Taking another driver to court is not on everyone's radar. Even those hurt by a careless driver would do better if the situation could be dealt with outside of court. Unfortunately, not all cases settle that way (although most do). If you end up filing a lawsuit against that careless driver and taking them to court, it pays, in more ways than one, to know what to expect. Read on and find out what you need to do to be ready to take the stand and plead your case before a judge and jury.
How to Behave on the Stand
The way you conduct yourself under questioning can have a huge impact on how much monetary compensation you end up receiving. The court process puts the spotlight on you, the plaintiff, and your job is to convince the jury that you were not at fault for the wreck and that you have certain losses associated with the wreck. Take a look at some tips for dealing with questions when the attorney for the other side (the defendant) challenges your right to compensation.
- Be prepared – The best way to prepare is to listen to your legal team. They've got experience and know what you will face. They can practice with you so you'll have an idea of what to expect, and they will clue you in on what you may be asked.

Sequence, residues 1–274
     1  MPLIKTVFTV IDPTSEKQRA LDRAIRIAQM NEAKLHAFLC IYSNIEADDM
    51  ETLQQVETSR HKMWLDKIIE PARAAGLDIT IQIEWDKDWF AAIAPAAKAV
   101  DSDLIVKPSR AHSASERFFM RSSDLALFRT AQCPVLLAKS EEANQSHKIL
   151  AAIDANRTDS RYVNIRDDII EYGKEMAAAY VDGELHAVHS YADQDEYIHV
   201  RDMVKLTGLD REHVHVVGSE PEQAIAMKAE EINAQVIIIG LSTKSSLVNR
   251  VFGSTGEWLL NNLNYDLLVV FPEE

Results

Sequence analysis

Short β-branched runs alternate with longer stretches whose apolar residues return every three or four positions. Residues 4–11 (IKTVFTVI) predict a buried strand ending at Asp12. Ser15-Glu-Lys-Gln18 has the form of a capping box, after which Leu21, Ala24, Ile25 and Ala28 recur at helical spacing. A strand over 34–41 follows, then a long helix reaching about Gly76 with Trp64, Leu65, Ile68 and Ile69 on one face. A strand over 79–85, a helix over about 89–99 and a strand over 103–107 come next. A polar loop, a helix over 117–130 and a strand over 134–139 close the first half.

- Be calm and cool – The other side realizes that getting you upset could win the case for them. Stay calm and focused, and don't let your emotions get the most of you. The more aggressive the questioning, the more impressed the jury will be with your behavior.
- Stay on point – Answer only what is specifically being asked of you. Listen carefully and think for a moment before speaking. Don't ramble, and don't guess about anything.
- Stay in command – You may be asked questions you cannot answer. If you don't understand the question or you need clarification, tell the judge. Be sure not to begin forming your answer before the question is complete. You want your testimony to be not just honest, but accurate.
How to Get Yourself Ready
In many cases, court cases take place months after an accident has occurred. That means accident victims need a refresher on the facts of the case before the trial begins. Review everything you have about the accident and your medical treatment. Reread the accident report and the witness statements about the way the accident occurred. Look at photographs of your wrecked car and your injuries. Look through your medical records to remind yourself of what you've been through and how much more treatment you need. Facts at your fingertips help you by demonstrating the many ways you've been hurt because of the other driver.
Talk to your personal injury attorney for more info.